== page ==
Infections with Zika virus (ZIKV) constitute a major global public health concern worldwide. Indeed, the recent ZIKV outbreak in the Americas revealed that infection of pregnant women can lead to congenital transmission, infection within the fetal developing brain and eventually to microcephaly in the infant. Most importantly, no antiviral therapies or vaccine against ZIKV are currently available. This unmet medical need is partly due to the fact that very little is known about the molecular mechanisms governing ZIKV pathogenesis.
Addressing these questions is challenging since it requires the use of animal models (such as mice) which are limited in terms of genetic manipulation, developmental studies and number of handled individuals. In that respect, the zebrafish model has emerged as a very powerful animal model to study vertebrate brain development in vivo. Indeed, while its development is very fast, cell population imaging in the whole larva is convenient because of its optical transparency. Moreover, it is easy to genetically manipulate to invalidate genes and to follow the fate of specific cell types during development and thus, to closely evaluate the impact of given proteins, drugs or pathogens on neurodevelopment. Most importantly, introduction of ZIKV into the embryo leads to severe neurodevelopmental defects while ZIKV accumulates in the brain and the spinal cord, hence partly mirroring the symptoms in humans.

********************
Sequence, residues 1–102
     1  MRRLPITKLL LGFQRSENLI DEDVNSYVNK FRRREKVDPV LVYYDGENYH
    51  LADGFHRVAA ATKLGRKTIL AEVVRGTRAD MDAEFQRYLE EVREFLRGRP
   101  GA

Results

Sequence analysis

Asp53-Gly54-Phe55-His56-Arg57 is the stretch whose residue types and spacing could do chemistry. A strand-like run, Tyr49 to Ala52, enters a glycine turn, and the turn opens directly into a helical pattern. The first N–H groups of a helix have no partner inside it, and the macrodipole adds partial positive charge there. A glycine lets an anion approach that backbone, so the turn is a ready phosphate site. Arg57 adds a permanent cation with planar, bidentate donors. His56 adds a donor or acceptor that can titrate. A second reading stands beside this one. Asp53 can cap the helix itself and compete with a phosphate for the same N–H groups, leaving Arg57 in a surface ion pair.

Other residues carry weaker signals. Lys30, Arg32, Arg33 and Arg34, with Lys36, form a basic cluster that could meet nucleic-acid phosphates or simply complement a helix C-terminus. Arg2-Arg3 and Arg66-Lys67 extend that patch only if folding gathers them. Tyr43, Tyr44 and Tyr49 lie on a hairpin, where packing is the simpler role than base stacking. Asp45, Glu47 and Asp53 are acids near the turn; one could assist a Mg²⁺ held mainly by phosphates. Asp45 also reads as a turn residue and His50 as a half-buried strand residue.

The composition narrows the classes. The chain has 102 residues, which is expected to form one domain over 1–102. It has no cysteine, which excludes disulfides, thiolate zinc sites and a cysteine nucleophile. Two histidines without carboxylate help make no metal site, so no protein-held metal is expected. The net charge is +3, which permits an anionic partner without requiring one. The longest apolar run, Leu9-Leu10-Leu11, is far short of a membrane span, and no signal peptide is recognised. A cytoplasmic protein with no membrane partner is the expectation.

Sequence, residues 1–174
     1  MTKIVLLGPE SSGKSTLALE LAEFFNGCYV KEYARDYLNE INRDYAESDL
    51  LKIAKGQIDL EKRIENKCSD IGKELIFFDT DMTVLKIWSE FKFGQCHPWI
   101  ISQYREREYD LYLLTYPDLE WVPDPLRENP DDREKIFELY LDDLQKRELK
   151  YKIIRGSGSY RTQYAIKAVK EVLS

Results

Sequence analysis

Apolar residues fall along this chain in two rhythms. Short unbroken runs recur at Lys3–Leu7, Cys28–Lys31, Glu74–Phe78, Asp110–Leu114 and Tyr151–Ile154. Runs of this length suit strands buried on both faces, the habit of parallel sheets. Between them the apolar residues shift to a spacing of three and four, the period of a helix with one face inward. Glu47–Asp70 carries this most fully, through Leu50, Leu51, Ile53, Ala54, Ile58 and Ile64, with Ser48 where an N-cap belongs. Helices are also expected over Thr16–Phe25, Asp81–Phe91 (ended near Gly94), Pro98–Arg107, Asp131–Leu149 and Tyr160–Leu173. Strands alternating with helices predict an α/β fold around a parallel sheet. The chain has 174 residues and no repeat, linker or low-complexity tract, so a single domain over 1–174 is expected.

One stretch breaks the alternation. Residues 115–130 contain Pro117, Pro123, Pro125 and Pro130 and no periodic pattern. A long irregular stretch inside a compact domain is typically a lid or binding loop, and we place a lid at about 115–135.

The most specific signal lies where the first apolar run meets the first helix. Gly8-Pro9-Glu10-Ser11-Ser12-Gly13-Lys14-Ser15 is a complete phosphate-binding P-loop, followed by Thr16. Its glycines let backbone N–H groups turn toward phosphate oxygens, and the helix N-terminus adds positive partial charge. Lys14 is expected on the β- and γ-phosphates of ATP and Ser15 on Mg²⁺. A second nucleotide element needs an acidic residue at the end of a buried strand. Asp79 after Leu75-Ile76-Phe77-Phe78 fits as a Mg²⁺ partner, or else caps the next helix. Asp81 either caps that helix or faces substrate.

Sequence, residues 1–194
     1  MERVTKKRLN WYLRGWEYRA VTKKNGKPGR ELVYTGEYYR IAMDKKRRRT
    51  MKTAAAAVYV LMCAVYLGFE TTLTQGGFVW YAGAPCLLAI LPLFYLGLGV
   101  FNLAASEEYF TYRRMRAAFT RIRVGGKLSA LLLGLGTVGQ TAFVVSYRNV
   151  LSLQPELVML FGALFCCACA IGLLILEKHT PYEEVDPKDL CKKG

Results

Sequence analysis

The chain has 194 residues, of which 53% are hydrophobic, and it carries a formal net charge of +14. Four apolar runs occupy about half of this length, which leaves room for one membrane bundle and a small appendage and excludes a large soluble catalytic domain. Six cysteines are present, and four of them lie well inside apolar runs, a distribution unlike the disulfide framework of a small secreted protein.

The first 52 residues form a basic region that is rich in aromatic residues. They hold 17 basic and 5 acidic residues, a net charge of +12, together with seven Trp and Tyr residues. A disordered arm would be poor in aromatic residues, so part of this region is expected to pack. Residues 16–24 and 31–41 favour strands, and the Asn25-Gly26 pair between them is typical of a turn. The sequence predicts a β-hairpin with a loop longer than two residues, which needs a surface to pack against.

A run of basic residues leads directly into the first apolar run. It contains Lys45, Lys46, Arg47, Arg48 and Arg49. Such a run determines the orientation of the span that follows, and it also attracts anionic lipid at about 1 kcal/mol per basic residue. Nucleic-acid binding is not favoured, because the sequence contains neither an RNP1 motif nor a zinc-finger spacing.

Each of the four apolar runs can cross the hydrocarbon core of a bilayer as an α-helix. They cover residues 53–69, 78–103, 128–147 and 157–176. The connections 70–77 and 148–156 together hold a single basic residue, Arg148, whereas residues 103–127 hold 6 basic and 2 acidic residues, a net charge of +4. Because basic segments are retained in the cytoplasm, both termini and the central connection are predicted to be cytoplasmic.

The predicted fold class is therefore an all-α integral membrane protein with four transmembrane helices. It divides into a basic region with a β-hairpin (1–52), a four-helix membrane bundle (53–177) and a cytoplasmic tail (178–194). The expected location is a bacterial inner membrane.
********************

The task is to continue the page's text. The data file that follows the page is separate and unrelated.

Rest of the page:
This proposal aims at better understanding ZIKV neuropathogenesis in vivo by taking advantage of this novel infection animal model based on zebrafish developed by our laboratory. Dr. Chatel-Chaix will characterize the nervous cell populations impacted by ZIKV infection and study the viral determinants required for neurovirulence. The model may emerge as an easy-to-handle and flexible tool to genetically address host determinants of ZIKV neuropathogenesis and to quickly screen antiviral drug candidates in vivo.